This was normal behaviour at the time.
How then did he wind up accused of a criminal offence, and losing his ministerial position?
That question came into sharp relief last week after the Office of the Director of Public Prosecutions took the matter out of the hands of prosecuting police and withdrew the case against Harwin. The ODPP explained: “The applicable Public Health Order in its terms did not restrict a person to a single place of residence. The evidence was unable to establish that Mr Harwin left his place of residence without a reasonable excuse”. Quite.
This immediately raises questions about the 1331 other infringement notices issued by police since the pandemic began. If a notice issued against a sitting minister falls over at the first push how much rigour is behind the hundreds handed to ordinary citizens? And will those citizens have the resources and the wherewithal to expose themselves to the potential of six-months’ imprisonment by electing to take the matter to court, rather than just paying the $1000 fine.
Examining the Harwin affair, it is difficult not to conclude that the minister was the victim of a style of mob justice in which NSW has come to specialise.
When the story broke in April, Premier Berejiklian came under instant pressure from a rabid media pack camped out the front of Harwin’s house. The media’s attention (which almost certainly derived from a political tip off) was ostensibly focused on the effect the minister’s conduct could have on community welfare, as well as the message it sent.
Berejiklian initially defended her minister but within 24 hours had changed her tone. Rather than back Harwin in the face of increasingly ugly attacks, the Premier appeared to hand management of the situation to the NSW Police. That would prove to be a mistake.
On the Thursday before the Easter long weekend, Berejiklian conducted a press conference. As usual NSW Police Commissioner Mick Fuller stood dutifully in the background. Berejiklian stated that “technically” Harwin had not breached the law, but she acknowledged a “perception” issue. It seemed to matter little that the “technical” question of whether a person has breached a law is the only relevant legal question. A “perception” problem, on the other hand, is a political issue. It has nothing to do with the criminal law, nor for that matter, the police.
When he took to the microphone, Fuller said: “I will, through my minister, ask for an explanation. If it doesn’t stack up, I’ll give him a ticket happily.” Soon thereafter two police officers were filmed approaching Harwin’s city apartment block. The media just happened to be there.
The Commissioner promised that, after the long weekend, he would provide an explanation as to the result of those inquiries. That explanation was given in the form of an infringement notice issued to Harwin and which had apparently been personally reviewed by the Commissioner himself.
But last week the DPP elected not to pursue the matter, citing a review of the evidence. Fuller has since come out and says he backs his decision to issue the notice, which he said was based on a review of the circumstances at the time.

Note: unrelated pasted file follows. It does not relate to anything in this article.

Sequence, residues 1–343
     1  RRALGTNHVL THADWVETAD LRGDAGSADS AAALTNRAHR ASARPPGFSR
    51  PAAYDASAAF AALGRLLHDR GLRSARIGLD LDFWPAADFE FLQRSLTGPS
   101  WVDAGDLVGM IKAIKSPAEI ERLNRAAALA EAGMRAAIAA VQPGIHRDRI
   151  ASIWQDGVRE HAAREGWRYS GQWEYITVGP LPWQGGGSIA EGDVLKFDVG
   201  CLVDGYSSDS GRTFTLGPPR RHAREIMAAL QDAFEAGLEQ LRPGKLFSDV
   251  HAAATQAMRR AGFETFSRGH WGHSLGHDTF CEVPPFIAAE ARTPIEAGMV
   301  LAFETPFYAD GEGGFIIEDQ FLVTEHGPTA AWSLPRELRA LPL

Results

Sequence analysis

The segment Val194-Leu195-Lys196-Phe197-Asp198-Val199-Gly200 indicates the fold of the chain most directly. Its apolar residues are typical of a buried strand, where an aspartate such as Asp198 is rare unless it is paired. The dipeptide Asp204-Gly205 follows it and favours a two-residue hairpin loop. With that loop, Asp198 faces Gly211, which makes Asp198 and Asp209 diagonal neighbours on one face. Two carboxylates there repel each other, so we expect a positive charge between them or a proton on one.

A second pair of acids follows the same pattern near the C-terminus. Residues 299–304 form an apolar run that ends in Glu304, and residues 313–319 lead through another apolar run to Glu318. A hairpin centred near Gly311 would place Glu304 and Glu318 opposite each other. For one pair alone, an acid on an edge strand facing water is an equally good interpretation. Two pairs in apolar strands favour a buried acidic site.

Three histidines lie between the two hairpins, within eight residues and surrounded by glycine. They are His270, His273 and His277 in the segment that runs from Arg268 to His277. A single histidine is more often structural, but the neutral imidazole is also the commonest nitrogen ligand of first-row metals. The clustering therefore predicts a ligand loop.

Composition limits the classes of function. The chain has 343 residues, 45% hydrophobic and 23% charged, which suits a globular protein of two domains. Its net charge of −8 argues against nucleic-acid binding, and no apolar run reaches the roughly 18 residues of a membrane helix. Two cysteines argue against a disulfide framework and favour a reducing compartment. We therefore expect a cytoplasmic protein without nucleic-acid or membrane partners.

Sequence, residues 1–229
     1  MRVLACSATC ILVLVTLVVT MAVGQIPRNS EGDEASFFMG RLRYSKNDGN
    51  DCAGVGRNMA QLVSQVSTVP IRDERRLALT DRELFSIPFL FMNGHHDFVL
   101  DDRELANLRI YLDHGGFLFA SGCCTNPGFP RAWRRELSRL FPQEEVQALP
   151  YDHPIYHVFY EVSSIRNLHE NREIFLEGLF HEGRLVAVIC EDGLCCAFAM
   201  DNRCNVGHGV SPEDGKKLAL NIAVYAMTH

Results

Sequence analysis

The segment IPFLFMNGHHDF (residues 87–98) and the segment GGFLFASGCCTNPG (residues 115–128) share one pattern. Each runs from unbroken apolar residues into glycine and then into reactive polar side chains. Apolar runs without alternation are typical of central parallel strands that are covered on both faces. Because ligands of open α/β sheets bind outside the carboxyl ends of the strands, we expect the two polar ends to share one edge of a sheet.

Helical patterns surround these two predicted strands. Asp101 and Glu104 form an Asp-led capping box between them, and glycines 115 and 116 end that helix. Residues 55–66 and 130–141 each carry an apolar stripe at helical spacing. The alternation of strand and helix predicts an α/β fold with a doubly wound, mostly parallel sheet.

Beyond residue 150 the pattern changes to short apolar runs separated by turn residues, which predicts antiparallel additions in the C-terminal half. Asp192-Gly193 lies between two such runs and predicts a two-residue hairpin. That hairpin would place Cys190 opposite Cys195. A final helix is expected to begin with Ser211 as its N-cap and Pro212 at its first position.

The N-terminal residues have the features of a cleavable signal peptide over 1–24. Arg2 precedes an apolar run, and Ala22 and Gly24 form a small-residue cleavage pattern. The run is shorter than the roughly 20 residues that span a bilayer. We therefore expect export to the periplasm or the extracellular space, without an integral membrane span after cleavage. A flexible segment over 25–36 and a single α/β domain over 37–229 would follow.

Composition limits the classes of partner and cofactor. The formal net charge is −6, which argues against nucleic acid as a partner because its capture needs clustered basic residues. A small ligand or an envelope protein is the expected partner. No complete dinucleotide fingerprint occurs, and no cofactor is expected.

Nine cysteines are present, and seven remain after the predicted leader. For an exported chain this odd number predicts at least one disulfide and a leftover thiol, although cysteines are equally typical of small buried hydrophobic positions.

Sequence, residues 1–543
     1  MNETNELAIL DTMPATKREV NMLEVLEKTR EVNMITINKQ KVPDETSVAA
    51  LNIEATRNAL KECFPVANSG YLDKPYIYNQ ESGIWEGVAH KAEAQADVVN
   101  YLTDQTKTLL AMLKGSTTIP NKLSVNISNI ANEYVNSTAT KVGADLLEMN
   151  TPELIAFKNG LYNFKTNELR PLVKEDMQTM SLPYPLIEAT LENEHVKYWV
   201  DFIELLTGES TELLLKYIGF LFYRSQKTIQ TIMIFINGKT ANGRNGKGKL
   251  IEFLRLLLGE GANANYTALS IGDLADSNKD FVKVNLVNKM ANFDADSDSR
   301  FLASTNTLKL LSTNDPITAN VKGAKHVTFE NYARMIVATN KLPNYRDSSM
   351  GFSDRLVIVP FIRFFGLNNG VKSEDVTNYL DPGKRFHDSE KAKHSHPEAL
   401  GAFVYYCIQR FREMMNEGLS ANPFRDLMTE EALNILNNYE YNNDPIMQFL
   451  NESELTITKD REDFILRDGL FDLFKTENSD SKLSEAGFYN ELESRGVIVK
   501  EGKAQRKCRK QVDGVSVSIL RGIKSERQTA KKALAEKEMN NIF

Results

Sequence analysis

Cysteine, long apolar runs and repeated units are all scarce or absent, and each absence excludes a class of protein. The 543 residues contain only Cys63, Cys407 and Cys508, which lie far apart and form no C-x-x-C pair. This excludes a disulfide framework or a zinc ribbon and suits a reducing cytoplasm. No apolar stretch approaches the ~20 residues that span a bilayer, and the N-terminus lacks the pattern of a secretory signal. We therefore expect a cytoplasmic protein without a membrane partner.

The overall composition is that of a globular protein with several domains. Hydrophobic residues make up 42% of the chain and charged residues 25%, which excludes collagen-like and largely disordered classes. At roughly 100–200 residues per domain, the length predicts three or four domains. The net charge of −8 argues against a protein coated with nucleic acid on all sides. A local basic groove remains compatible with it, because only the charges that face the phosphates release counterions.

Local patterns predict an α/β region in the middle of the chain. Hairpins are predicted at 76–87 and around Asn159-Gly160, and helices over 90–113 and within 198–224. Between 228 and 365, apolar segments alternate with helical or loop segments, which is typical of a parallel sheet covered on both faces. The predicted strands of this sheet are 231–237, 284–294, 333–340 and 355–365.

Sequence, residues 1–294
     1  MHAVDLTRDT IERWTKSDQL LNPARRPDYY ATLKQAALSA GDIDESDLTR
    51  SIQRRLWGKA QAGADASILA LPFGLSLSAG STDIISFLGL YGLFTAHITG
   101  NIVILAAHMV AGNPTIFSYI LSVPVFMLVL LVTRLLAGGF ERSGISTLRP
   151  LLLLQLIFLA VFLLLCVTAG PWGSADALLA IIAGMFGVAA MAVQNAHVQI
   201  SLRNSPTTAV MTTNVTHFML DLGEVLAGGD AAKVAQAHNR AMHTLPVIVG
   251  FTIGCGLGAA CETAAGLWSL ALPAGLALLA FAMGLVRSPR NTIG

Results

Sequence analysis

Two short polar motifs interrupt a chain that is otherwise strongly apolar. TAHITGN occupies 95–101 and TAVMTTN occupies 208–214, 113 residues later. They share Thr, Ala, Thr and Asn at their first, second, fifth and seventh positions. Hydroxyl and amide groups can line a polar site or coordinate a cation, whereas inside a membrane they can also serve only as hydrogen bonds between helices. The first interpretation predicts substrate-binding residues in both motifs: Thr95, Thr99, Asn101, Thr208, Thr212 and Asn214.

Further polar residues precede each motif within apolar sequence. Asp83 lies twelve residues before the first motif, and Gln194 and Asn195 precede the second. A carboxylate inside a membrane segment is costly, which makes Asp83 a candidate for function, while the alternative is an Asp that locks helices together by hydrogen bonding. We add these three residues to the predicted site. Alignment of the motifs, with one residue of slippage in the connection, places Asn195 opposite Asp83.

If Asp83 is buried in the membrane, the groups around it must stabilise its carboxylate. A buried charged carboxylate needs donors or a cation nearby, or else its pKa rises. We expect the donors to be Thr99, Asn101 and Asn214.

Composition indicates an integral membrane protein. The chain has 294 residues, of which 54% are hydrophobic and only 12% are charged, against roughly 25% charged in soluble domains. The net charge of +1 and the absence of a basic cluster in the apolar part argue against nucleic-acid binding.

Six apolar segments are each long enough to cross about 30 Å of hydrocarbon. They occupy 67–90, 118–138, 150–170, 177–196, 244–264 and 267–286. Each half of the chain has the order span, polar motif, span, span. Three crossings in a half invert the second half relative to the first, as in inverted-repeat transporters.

What does this mean?
The highest-ranking police officer in the state and the Office of the DPP formed diametrically opposed conclusions on the same evidence, which, we assume, never changed.
Given the amount of legal advice at the disposal of the Commissioner, this is a serious breakdown of proper process. If the decision to charge was a consequence of bad legal advice, the public has a right to know. If it was something more nefarious than that, the public should also be immediately informed. Either way, Fuller owes the public the explanation he originally promised but never fulfilled.
It also looks like he owes Harwin an apology. Instead, he has doubled down on his decision to issue the notice.
If Fuller wants to set himself against the state’s peak prosecuting authority then so be it, but media soundbites won’t cut it. Rather, he must explain the precise basis on which he “stands by” his doomed decision to issue a criminal infringement notice to a sitting minister.
Berejiklian also has some explaining to do. She accepted Harwin’s resignation after the police decided to charge him on the purported basis that it was necessary for her to “back the police”.
What are the implications of this statement?
And why wouldn’t Harwin enjoy the presumption of innocence? He never deviated from the proposition that he had not breached the Public Health Order and he had apparently acted on parliamentary advice.
It would appear the state’s prosecutors agree with him.
The notion that a Premier’s governing principle, in those circumstance, should be to “back the police”, is risible. She had all the machinery of the state available to her when determining if the charge had been properly laid. If there was no legal advice available to her capable of reaching the same conclusion as the Director of Public Prosecutions, then the machinery is malfunctioning badly.
The depressing conclusion is that, like so many NSW state government leaders before her, Berejiklian lives in fear of a tabloid media and a talkback culture that revels in a pile-on. But the idea that the apparatus of police investigations and criminal charges might be used as a mechanism to quell media attacks is even more disquieting.
Having expressed the view at the time that Harwin was not in breach of the law, Berejiklian should now explain whether it was her who asked Fuller to become involved in circumstances where she was suffering from a “perception” issue, or whether his involvement arose independently of her political difficulties. One can only hope it is the latter, but if so the Premier must explain how the Police Commissioner came to be by her side in a press conference in which the police investigation was announced.
Those questions go to the heart of who is running this state.
Steve Boland is a Sydney-based barrister.